Argentina’s President Alberto Fernandez is pictured during a bilateral meeting with the German Chancellor on the sidelines of the G-7 summit at Elmau Castle, southern Germany, on June 27, 2022. (Markus Schreiber/Pool/AFP via Getty Images)

Fernández was appointed Chief of the Cabinet of Ministers by Kirchner upon taking office on May 25, 2003. He retained the same post under Kirshner’s wife and successor, Cristina Kirshner, upon her election in 2007.

She continued the lavish social spending and nationalization policies initiated by the first Kirchner government. As a result, by early 2008, the country was facing a US$23 billion public debt burden and inflation of around 25 percent that took a major toll on the poorer components of Argentine society.

Both Kirchner governments “spent like drunken sailors and made unsustainable commitments to the public sector. Such irresponsible fiscal policies fuelled rampant inflation, which Buenos Aires tried to camouflage by doctoring the official statistics,” wrote Jaim Daremblum, the director of Hudson’s Center for Latin American Studies (pdf).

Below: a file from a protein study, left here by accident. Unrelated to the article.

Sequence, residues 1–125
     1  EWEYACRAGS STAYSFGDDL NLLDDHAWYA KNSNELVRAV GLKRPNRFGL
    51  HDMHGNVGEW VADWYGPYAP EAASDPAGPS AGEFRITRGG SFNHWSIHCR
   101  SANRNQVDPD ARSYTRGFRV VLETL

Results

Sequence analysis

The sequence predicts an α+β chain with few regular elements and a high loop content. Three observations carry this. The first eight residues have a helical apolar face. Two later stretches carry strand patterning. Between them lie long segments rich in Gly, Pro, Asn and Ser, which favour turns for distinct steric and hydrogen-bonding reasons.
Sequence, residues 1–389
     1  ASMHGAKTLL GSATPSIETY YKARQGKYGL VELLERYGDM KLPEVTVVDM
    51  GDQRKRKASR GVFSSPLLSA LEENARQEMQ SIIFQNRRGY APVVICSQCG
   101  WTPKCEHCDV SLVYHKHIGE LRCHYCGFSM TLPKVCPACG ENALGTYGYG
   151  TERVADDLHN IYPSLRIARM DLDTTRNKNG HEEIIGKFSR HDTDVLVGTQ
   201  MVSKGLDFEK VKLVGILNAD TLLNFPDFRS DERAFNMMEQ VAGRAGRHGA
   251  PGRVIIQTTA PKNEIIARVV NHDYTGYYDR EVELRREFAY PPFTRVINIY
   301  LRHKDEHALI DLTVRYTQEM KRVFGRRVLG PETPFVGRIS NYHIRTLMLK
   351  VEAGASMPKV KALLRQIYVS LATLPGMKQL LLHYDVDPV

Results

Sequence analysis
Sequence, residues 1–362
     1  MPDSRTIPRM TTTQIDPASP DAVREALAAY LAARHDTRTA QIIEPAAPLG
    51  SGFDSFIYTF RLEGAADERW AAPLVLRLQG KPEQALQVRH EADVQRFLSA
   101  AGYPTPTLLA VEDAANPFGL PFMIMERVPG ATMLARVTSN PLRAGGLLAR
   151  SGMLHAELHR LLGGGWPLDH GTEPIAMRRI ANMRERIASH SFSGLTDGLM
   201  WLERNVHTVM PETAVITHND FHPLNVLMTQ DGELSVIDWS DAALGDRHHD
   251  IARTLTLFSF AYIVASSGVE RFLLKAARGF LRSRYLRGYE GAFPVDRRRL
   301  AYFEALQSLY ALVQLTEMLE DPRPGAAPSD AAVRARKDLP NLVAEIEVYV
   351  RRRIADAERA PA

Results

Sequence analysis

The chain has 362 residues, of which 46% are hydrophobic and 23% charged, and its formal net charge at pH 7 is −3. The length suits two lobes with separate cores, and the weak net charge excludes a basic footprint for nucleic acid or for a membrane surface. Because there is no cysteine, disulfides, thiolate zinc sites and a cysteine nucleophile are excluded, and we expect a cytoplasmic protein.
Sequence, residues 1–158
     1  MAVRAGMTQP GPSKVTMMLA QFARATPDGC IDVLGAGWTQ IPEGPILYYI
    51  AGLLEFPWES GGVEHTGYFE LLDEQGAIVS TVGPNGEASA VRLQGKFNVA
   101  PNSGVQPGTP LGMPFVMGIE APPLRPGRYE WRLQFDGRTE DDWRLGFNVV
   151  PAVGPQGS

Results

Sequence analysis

In October 2019, Alberto Fernández won the presidential election with the Peronist Party, having Ms. Kirchner as his vice president.

Brazilian President Jair Bolsonaro refused to attend Fernández’s inauguration due to irreconcilable ideological differences. On June 9, 2021, Fernández was at a meeting with Spanish Prime Minister Pedro Sanchez in Buenos Aires when he said, “the Brazilians came from the jungle, but we Argentines came from the ships. And they were ships that came from Europe.”

Eduardo Bolsonaro, a congressman and the Brazilian president’s son, did not take this racist comment lightly and replied: “I say the ship that is sinking fast is that of Argentina,” reminding people on Twitter that Argentina’s troubled economy has been in recession since 2018.

The Peronism Behind Economic and Social Change

Peronism still connects and integrates with a variety of social movements and organisations—from labour unions, student associations, and now even active LGBTQI+ groups.

Argentina became the first country in Latin America to legalize same-sex marriage in 2010. It was the second country in the Americas to do so and the tenth in the world.

In Argentina, according to Culture Trip, “laws regarding the treatment of LGBTQ people have resulted in a culture of acceptance and celebration.”